Friday, October 05, 2007

Enough Stalling!

Well, I've been delaying any sort of conclusion to my thread about local eating, mostly because I don't have any grand pronouncements to make at the end of it. I appeal to you, the readers, to give me guidance. Here is the lay of the land as I see it:

When I pursue the best interests of my household, I am led to shopping habits that are common to the lower classes throughout the industrialized world: namely, I get my groceries (and other necessities) from international discount chains like Aldi. The products that Aldi does a poor job of delivering (like produce), I get from a small ethnic grocery store nearby. But the local-ness of the store and the small size of the chain doesn't eliminate international corporations from the pipeline. The produce is still raised far away--as far as I know, under conditions for those who raise it that I would not wish on myself.

A side note here: Special K doesn't think I'm a wacko at all for expecting continuity between colonial conditions and corporate conditions. She does me a kindness, but I think such expectations are outside of the norm for most of our fellow citizens. And I am constantly confronted with my genuine ignorance of what conditions working for a corporation overseas are like, an ignorance that makes me hesitant to speak absolutely on the topic. It also makes me hesitant to act, which suits me fine--I'm quite afraid to have to act on these thoughts.

My fear stems from the radical change (and radical sacrifice) that seems to be demanded if I apply biblical counsel to these thoughts. Although the Wisdom tradition of the Bible seems satisfied with my pursuit of savings, that tradition is situated within larger concerns about justice and sacrifice. It is wise for me to seek the benefit of my household. But who is in my household?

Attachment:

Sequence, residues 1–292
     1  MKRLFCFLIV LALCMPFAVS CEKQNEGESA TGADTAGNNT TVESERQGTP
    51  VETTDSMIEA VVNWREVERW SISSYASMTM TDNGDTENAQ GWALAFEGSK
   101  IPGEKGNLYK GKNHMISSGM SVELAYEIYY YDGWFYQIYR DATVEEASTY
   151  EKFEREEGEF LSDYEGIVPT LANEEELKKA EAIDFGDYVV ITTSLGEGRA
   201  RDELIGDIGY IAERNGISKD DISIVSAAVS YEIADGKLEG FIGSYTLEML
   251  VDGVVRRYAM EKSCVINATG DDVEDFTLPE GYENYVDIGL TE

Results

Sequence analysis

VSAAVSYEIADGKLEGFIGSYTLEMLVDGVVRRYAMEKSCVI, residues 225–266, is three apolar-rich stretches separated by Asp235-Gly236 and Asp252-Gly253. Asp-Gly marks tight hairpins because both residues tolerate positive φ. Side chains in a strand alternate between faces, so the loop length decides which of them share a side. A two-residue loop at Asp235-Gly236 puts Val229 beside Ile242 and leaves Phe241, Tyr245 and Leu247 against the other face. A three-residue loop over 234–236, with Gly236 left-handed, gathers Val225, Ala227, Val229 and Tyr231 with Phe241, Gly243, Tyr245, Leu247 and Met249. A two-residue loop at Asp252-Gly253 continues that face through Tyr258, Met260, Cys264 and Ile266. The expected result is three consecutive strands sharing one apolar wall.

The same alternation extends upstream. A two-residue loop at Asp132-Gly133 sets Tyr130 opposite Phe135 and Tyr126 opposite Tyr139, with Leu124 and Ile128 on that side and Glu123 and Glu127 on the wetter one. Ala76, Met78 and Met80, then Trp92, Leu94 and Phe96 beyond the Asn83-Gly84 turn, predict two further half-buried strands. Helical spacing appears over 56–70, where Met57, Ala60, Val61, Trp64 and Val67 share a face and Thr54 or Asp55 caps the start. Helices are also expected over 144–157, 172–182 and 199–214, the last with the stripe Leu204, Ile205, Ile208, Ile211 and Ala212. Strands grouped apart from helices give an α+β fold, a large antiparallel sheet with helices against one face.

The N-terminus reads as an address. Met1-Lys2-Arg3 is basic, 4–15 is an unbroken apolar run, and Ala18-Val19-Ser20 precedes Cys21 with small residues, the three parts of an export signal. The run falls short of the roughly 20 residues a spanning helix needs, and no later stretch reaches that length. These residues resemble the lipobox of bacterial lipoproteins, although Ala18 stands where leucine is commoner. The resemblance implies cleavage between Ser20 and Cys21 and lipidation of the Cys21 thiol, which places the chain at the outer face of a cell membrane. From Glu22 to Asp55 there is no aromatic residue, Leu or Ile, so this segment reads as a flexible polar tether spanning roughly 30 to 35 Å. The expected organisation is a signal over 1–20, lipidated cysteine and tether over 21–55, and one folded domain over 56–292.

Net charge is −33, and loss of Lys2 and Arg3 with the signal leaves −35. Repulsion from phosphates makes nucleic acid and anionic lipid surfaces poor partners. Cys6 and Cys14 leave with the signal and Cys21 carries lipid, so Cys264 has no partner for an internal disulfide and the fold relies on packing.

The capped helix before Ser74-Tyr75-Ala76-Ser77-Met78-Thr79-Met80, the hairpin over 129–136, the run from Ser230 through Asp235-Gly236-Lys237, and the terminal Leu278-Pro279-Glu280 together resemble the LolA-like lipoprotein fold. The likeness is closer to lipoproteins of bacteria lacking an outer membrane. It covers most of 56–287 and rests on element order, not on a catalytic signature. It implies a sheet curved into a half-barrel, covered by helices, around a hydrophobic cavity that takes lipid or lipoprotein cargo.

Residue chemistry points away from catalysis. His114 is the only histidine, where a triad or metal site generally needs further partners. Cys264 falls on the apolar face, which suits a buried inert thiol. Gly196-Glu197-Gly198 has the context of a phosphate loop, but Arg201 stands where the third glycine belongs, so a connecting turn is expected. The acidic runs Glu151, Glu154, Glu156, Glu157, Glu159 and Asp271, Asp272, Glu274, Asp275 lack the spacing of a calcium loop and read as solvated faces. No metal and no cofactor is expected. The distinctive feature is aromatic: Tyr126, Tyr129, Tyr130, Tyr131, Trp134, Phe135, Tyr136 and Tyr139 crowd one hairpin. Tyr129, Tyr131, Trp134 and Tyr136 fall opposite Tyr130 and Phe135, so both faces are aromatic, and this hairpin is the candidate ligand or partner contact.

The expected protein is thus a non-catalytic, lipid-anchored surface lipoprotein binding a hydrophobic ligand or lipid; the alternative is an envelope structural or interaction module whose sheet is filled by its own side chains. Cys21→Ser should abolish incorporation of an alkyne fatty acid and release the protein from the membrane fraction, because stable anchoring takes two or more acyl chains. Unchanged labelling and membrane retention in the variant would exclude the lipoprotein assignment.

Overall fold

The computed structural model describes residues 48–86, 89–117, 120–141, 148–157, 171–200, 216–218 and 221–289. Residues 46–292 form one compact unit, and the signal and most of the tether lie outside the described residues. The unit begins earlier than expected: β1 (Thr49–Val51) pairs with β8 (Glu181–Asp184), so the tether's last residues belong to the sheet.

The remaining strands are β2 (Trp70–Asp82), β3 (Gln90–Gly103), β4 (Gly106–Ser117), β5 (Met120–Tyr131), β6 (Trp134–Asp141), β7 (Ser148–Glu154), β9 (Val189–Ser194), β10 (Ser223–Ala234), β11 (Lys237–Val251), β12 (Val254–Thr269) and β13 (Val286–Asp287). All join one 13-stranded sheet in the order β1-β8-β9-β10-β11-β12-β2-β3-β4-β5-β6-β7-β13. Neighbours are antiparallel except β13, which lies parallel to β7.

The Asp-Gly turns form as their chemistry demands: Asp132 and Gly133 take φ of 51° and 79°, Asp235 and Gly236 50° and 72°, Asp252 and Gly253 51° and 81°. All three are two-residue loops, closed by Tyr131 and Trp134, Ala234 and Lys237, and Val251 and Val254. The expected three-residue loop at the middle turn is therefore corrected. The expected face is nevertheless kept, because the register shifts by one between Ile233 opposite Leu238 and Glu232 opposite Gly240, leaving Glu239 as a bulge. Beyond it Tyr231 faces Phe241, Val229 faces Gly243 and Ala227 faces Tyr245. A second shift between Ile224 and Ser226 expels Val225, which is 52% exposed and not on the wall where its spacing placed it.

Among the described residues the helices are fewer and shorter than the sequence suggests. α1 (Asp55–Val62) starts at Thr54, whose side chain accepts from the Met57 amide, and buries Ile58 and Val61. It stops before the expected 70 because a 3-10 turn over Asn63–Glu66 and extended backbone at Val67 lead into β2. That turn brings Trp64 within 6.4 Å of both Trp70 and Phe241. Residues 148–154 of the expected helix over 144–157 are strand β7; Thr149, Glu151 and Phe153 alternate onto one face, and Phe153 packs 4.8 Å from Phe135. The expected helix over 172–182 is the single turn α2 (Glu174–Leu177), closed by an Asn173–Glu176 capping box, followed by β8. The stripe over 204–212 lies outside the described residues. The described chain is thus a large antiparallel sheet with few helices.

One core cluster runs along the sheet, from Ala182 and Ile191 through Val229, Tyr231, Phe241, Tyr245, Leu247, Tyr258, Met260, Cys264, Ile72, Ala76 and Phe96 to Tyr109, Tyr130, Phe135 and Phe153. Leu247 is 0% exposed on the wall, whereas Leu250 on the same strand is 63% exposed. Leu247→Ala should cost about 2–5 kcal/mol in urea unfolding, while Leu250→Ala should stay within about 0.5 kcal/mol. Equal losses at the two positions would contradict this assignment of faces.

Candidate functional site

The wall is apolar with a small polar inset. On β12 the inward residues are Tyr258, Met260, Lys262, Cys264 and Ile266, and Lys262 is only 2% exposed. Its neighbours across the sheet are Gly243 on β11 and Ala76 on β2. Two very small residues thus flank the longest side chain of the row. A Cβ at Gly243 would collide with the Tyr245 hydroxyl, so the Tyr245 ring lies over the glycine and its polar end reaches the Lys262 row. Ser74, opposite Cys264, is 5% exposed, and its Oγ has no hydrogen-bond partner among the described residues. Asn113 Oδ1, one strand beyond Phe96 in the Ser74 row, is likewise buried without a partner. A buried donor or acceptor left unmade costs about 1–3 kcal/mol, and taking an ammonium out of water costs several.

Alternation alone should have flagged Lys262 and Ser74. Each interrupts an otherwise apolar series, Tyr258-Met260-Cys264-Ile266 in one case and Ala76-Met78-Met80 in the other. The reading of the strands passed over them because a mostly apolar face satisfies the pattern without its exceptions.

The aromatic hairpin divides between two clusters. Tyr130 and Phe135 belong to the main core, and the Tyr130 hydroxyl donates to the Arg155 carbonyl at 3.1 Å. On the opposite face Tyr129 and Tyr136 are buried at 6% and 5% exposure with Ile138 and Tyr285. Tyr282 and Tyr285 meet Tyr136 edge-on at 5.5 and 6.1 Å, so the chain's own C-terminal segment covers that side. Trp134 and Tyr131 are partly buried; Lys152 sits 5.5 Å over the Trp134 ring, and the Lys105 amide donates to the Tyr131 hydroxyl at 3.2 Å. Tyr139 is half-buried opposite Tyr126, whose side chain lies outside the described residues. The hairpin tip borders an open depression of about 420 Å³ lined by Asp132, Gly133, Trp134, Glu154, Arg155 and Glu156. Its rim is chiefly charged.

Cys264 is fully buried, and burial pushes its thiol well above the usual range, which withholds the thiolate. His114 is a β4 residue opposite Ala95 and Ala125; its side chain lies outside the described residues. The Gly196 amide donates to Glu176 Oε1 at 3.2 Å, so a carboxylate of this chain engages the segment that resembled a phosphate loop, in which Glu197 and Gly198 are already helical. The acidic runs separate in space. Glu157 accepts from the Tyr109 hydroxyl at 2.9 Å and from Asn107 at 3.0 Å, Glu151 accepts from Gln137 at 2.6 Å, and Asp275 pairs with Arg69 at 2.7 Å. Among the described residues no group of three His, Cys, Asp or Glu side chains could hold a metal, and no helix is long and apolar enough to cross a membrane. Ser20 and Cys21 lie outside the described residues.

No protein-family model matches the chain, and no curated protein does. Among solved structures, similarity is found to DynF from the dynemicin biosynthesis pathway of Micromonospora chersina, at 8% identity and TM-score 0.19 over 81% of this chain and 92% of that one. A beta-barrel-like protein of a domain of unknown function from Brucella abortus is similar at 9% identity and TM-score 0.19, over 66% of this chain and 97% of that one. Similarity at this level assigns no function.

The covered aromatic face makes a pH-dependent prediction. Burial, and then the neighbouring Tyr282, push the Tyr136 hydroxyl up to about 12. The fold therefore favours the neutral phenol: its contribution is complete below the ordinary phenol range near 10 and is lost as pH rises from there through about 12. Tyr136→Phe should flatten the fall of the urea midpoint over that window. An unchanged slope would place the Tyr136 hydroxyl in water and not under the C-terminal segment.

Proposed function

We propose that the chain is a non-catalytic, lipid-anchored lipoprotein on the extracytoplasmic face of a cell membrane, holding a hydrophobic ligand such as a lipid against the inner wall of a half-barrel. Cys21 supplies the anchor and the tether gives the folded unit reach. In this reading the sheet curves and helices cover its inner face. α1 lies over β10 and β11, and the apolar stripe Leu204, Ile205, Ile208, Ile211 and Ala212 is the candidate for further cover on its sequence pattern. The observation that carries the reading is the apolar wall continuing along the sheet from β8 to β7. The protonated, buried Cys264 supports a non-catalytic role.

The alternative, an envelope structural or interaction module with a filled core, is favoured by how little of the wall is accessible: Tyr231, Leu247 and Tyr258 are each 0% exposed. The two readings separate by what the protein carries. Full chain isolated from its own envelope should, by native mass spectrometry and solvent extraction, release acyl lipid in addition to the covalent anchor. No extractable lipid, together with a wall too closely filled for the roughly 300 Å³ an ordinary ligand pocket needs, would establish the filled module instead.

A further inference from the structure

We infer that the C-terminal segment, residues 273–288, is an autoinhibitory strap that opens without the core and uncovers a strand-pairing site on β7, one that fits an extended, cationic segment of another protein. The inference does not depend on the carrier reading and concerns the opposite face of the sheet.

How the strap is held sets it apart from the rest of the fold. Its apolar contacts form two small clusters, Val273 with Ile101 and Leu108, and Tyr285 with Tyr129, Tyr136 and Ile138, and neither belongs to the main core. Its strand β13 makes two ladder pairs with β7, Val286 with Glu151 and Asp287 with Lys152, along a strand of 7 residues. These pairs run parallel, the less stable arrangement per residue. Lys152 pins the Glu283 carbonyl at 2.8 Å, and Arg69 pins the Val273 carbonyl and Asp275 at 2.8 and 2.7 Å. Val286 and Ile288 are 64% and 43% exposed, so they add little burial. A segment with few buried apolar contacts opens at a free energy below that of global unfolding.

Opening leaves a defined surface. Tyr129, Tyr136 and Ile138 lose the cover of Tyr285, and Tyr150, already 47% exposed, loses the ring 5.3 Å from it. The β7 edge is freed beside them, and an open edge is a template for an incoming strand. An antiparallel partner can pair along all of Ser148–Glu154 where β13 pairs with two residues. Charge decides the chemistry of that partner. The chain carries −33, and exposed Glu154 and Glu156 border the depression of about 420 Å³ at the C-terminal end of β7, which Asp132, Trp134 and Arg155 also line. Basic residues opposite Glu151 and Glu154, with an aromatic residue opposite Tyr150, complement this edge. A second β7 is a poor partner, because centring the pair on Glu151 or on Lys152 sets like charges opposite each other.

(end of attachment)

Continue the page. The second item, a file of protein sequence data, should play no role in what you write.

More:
You tell me, reader. Are the people who grow my food members of my household? If so, how do I seek their benefit?

1 comment:

Special K said...

While I, too, have personally struggled (and continue to struggle) with these issues, I think that at some point we all have to concede that it is nigh impossible to always eat local. I think that we should attempt to do so and maybe even pressure local grocery chains to change their practices, but at some point we'll all end up at Aldi stores. We all have to use our economic resources in ways that are most important to us. Maybe the money you save at Aldi can go toward paying off loans (a responsible handling of money), toward a charity of choice, or toward generosity toward others in your circle of friends or family. I think that as long as we're aware of the effects our purchasing decisions have on others, both locally and globally, we're doing pretty well. Even little changes, such as buying one or two local products consistently can still make quite a change.